|My daughter is nearly 3 and
she still refuses to use the potty. It’s been 2 months
now, and I am losing patience.
Potty training coincides with the exact developmental time
when a toddler is starting to establish individuality and
enjoying the power of saying no. And mom encounters what
she sees as a rebellion against potty training. Some toddlers
are also highly resistant to change and find the transition
from nappy to potty difficult.
It’s not easy for mom to continue exercising patience,
especially after you have changed what feels like the 5200th
nappy. But getting tough will get you nowhere fast either.
See if any of these ideas work.
1. “It’s your potty,
and you can use it if you want to.” And leave
the whole question of potty training for a month.
And then start the process all over again. Stop nagging,
don’t punish or shame. Don’t force her
to sit on the potty when she refuses, or force her
to stay sitting until she performs; this can lead
to straining and constipation. A parent reports: “My
daughter was 3 1/2 when we finally got her potty trained.
She wanted to wear panties, but not use the potty.
It was a lesson in frustration; nothing worked. Finally
I decided I was not going to make a fuss anymore.
'Your potty is ready for you whenever you want
it’. When she was wet I changed her without
comment. Three days later she started using the potty.”
2. Potty bedtime stories. There are excellent picture books for toddlers (try ““Once Upon a Potty” by Alona Frankel) about children learning to potty train and what fun it is to use a potty. There is also a “ “Once Upon a Potty" DVD with a delightful song which parents report is a great incentive. But remember to let the pictures do the talking. Don’t moralise after you have read the story. No pressure!
3. Wrap it up as a present, or go shopping with your toddler and allow him to choose his own one. Even better, allow him to personalise his potty with magic markers and let him carry it around or sit on it like a stool so he feels comfortable with it. Explain what the potty is for: “When you're ready, you poop and pee into the potty instead of in your nappy. We'll keep it here in the bathroom until you're ready to use it".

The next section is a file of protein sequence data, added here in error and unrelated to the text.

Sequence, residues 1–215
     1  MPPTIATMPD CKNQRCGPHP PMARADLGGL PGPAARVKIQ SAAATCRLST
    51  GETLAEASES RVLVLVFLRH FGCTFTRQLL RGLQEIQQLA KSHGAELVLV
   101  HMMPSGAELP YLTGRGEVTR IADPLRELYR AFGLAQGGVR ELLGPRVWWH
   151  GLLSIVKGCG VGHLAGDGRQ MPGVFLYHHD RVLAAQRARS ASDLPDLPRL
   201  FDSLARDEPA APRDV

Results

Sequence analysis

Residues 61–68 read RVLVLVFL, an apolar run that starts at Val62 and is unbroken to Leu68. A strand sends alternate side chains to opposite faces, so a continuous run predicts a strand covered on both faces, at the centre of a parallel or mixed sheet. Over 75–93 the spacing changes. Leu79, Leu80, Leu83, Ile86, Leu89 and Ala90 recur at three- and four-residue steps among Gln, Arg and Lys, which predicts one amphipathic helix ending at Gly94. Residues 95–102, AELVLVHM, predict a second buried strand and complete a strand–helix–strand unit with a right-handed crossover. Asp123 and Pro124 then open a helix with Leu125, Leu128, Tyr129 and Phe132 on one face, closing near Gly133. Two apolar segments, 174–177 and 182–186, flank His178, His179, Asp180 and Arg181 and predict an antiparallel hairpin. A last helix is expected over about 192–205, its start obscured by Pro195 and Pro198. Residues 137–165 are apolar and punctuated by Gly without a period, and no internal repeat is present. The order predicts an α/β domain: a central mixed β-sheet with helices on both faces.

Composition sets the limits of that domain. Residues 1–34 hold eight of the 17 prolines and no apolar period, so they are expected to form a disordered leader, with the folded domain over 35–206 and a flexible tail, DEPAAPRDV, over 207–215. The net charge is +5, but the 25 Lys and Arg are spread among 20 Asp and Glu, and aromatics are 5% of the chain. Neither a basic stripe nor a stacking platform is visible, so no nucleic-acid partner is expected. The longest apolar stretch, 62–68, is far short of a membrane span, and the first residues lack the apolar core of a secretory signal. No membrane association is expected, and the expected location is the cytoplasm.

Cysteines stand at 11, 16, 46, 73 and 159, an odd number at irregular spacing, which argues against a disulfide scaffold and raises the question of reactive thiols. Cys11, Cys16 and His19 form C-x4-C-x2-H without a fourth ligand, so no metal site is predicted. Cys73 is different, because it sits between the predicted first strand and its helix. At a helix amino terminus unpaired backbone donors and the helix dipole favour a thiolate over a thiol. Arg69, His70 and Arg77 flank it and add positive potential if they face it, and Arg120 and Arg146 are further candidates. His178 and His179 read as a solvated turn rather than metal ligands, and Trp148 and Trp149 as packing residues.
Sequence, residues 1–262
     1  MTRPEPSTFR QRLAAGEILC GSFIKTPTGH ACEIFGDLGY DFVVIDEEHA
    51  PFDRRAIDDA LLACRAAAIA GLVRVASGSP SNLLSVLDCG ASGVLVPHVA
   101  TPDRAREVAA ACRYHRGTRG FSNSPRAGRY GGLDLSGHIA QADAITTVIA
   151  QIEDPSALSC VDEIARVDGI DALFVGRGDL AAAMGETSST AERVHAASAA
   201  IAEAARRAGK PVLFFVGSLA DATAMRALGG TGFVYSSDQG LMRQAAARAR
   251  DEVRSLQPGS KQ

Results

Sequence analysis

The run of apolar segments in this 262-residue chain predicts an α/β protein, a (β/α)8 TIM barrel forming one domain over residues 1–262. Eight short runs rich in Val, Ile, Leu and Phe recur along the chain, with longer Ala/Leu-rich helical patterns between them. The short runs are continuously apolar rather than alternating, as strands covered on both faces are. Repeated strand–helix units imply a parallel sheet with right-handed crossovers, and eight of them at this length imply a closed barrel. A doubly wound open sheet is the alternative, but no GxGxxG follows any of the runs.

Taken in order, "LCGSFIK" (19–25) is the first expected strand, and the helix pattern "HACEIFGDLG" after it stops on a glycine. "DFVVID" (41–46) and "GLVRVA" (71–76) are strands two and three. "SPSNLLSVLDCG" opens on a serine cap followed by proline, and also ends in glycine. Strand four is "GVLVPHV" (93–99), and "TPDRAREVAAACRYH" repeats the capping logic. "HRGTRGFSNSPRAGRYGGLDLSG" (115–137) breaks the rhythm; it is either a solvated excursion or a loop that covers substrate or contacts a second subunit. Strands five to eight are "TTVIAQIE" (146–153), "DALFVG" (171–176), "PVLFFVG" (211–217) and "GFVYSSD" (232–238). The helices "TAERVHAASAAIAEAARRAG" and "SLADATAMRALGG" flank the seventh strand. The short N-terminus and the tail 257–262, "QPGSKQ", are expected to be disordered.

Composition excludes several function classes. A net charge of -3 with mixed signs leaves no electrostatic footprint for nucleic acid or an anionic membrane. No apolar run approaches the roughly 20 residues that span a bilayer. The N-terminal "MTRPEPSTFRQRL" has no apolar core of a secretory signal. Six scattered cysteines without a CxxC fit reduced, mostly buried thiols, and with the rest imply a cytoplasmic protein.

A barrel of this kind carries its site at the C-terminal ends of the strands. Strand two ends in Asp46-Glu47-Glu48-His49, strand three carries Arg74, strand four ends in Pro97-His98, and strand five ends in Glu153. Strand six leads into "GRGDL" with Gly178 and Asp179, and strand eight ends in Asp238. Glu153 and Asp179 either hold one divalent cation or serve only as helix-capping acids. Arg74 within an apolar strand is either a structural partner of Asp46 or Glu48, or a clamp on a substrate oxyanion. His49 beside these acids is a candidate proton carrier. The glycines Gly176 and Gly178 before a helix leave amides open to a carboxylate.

4. Get granny to help. “At
3 yrs 6 months my daughter still refused to use the
potty and, as a result, the local playschool refused
to have her. Then, after a weekend with granny, she
suddenly came back quite willing to use the potty.
When I asked my mother what was different, she told
me she had said to my daughter 'this house doesn’t
have any more nappies, so you will have to be a big
girl and use the potty'. And that was that."
5. Throw out the high tech nappies. "One of the best potty training tips I have heard from
a nurse is to start using ordinary nappies again when
you know your child is ready for potty training. Your
toddler will become uncomfortable when wet, which will
speed up potty training."
6. The last nappy.
“My son drove me crazy for months, using the
potty one day, then insisting on nappies the next.
Finally I told him at the supermarket that these were
the last nappies we were buying. And we went to buy
some training pants ready for when he was a big boy.
As we used up the pack of nappies, I reminded him
that when these were gone, there would be no more.
Celebration day… away with the nappies and into
training pants. We had a few accidents the first week
but we never looked back.”
There is an old joke that no child ever entered
university in nappies, and although it doesn’t feel
like it, you child will eventually make this transition.
Keep going, and good luck.